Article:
An award-winning La Trobe University scientist has developed a new world-class test for the major horticultural disease fire blight.
The work, undertaken by Rachel Mann, has been adopted across the world and is set to revolutionise global screening procedures in the war against this devastating disease that threatens apple and pear industries in Australia.
Ms Mann says the test will help protect Australia’s $450 million apple and pear industry. ‘Fire blight is a disease endemic in many parts of the world, but very little is known about its genetic makeup,’ she said.
‘We decided to sequence the DNA of the fire blight bacterium Erwinia amylovora and from that data we have been able to design the most accurate diagnostic test yet.
‘This is a vital step for Australian growers, industry and consumers, who will now be better equipped to keep this country fire blight-free.
‘It also has international impact, meaning other countries can better protect their crops from the risk of infection.’
Ms Mann is one of about 90 La Trobe University postgraduate and other researchers working in the new $288 million Centre for Agribioscience, AgriBio which was officially opened in April on the University’s Melbourne campus at Bundoora.
Her PhD research into the genomics of the fire blight bacterium was jointly supervised by La Trobe specialist in plant pathogens and fungal disease Dr Kim Plummer and by Dr Brendan Rodoni who works jointly for La Trobe and the Victorian Department of Primary Industries (DPI).
The work was also supported by the Co-operative Research Centre for National Plant Biosecurity of which La Trobe and DPI are members.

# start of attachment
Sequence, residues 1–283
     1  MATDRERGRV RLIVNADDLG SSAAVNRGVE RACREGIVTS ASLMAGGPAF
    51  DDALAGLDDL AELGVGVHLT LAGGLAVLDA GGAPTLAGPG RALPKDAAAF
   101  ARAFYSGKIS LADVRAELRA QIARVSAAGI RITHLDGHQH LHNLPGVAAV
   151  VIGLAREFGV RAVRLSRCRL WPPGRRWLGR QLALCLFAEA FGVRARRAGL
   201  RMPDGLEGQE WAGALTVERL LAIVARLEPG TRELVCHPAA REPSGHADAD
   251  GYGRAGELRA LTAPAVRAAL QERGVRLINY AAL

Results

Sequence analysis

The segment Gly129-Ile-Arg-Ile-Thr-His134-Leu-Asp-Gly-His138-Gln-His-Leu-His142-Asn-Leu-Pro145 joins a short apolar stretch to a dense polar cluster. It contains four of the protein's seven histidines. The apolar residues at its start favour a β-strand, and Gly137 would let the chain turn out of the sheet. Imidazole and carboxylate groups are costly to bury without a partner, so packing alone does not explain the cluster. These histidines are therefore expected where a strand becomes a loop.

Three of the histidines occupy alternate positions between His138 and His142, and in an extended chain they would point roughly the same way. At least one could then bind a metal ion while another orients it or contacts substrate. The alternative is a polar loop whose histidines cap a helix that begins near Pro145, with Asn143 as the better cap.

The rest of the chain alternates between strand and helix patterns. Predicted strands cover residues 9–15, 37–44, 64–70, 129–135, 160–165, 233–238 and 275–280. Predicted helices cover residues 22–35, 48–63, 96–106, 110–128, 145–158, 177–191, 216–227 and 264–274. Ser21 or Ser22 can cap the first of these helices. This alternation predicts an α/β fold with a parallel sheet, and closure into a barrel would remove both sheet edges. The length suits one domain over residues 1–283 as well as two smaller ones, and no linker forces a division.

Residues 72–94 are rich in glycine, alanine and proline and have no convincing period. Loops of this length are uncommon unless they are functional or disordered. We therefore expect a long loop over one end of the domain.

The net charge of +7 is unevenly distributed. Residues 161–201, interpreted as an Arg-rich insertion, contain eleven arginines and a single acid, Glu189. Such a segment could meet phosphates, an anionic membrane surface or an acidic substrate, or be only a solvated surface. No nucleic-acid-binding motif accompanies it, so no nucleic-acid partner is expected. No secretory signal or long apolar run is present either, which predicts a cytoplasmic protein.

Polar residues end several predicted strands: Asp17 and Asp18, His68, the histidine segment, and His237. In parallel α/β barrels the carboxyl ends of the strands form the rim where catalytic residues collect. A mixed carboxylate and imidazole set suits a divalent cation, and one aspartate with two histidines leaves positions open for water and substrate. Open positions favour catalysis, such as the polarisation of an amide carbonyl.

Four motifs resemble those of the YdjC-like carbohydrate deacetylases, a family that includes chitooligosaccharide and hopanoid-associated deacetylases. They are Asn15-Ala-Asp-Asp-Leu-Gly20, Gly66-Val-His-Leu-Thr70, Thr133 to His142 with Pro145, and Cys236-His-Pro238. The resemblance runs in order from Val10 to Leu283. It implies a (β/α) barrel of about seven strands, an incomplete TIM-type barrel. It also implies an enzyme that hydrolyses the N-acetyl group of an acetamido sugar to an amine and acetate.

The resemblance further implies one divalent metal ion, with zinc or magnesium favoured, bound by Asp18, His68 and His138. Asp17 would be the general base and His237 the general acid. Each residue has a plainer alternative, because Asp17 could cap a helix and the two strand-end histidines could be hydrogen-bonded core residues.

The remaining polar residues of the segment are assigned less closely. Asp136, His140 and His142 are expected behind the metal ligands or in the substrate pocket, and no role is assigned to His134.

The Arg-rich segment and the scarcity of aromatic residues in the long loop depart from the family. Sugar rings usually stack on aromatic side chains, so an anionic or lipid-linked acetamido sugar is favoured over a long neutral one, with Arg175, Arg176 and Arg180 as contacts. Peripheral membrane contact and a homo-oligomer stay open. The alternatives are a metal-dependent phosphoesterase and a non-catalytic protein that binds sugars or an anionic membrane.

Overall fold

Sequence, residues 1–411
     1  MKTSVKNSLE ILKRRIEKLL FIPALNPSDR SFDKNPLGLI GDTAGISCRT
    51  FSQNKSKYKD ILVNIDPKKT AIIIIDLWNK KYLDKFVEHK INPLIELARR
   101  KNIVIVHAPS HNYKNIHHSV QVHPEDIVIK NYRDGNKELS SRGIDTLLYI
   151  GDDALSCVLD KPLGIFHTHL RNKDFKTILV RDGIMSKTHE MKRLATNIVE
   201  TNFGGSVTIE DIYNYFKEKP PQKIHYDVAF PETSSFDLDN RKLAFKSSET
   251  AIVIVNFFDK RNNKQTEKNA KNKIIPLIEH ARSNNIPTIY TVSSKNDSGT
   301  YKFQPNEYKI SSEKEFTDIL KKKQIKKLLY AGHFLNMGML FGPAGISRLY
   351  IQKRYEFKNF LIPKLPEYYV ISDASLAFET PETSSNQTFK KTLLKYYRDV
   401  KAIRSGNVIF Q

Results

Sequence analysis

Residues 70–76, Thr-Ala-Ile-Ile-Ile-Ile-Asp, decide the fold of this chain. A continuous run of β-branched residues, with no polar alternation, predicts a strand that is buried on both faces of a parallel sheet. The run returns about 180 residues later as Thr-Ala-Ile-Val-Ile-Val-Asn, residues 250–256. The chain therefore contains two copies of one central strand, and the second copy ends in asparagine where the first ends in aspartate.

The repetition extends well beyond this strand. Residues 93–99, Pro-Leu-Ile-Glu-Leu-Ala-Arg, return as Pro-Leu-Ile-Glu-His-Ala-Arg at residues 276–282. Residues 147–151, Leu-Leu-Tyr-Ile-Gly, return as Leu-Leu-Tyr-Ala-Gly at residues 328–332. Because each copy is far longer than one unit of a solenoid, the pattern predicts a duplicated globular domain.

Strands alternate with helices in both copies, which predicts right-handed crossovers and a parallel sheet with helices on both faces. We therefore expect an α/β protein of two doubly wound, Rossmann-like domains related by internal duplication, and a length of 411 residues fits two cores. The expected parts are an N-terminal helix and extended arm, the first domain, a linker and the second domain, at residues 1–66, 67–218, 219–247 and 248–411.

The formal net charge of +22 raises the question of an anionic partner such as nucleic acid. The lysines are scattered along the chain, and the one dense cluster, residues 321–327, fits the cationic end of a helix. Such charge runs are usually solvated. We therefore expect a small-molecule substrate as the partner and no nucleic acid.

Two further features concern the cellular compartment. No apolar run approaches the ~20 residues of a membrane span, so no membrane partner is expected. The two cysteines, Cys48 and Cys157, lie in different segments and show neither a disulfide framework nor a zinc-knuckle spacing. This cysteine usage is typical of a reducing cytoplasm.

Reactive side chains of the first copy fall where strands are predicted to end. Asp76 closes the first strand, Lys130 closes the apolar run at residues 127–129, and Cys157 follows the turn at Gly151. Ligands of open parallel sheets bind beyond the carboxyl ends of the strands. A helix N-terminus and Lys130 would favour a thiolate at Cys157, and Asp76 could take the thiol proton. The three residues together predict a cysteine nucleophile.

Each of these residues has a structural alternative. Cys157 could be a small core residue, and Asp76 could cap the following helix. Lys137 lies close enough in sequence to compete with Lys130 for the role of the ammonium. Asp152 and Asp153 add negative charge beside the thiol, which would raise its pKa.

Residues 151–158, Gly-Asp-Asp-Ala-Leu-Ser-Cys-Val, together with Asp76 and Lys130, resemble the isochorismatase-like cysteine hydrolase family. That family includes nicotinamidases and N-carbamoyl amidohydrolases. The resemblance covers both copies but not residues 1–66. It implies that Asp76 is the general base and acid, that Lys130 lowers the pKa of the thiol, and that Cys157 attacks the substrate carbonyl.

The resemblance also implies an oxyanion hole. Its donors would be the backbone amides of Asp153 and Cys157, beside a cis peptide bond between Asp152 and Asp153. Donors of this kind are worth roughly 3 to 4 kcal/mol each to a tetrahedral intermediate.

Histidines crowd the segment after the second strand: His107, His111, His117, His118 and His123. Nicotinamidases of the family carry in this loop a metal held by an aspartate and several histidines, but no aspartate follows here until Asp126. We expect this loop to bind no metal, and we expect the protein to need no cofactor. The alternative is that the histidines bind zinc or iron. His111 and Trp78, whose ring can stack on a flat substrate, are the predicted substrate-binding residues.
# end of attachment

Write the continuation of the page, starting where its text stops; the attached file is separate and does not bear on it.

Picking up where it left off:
Towards a reliable test for other diseases
‘From this technique we have the basis to design simple, accurate and reliable tests for a number of diseases threatening farmers here and overseas,’ Ms Mann said.
Ms Mann and Dr Rodoni are now developing diagnostic tools for the detection of other diseases threatening the horticultural sector, funded by the new Plant Biosecurity CRC.
This work promises to set new international standards for diagnosis of diseases including zebra chip disease in potatoes which, if allowed to spread, could cause great damage to local potato crops, making them unsuitable for the lucrative chip industry.
Ms Mann’s studies have already resulted in five major international scientific papers and won this year’s prestigious Nancy Millis Postgraduate Thesis Award from DPI Victoria.
She received her research award from the Minister for Agriculture and Food Security, Peter Walsh, at a ceremony at Parliament House in March 2013.
High-impact meaningful research
La Trobe University Vice-Chancellor Professor John Dewar congratulated Ms Mann on the quality of her prize-winning research.
‘La Trobe University is committed to developing high-impact meaningful research in the key areas of food, water and the environment,’ Professor Dewar said.
‘This work is a wonderful example of high-level of scientific achievement and success in the agri-bio sector.’
Professor Dewar said the new AgriBio centre – built with funds from the State Government and the University – was one of the most modern, state-of-the-art facilities of its kind in the world and a corner stone of the University’s Future Ready strategy.
‘The facility is also a key pillar of scientific infrastructure in Melbourne’s north, carrying out vital work to boost Australia’s agricultural industries and exporting our know-how to the world,’ he said.
High-impact meaningful research
Ms Mann explains that apple and pear trees have no natural resistance to fire blight, and growers can’t use antibiotic sprays because this would contaminate fruit.
Australia does not want this disease to become established in this country and continuous rigorous testing is critical for disease prevention and containment.
Fire blight, originally from North America, is now found in nearly every country, except Australia and Japan. It permanently shrivels and blackens leaves and fruit.
Ms Mann says existing tests used internationally aren’t accurate for detecting the disease as they can give false positive or negative results.
In Europe and the US, testing is carried out not only on exported planting material, but also locally to support disease monitoring and implementation of control strategies.
Ms Mann concludes: ‘I’m excited about my work helping to protect the apple and pear industry in Australia, and improving our quarantine services at the border.’ – Ernest Raetz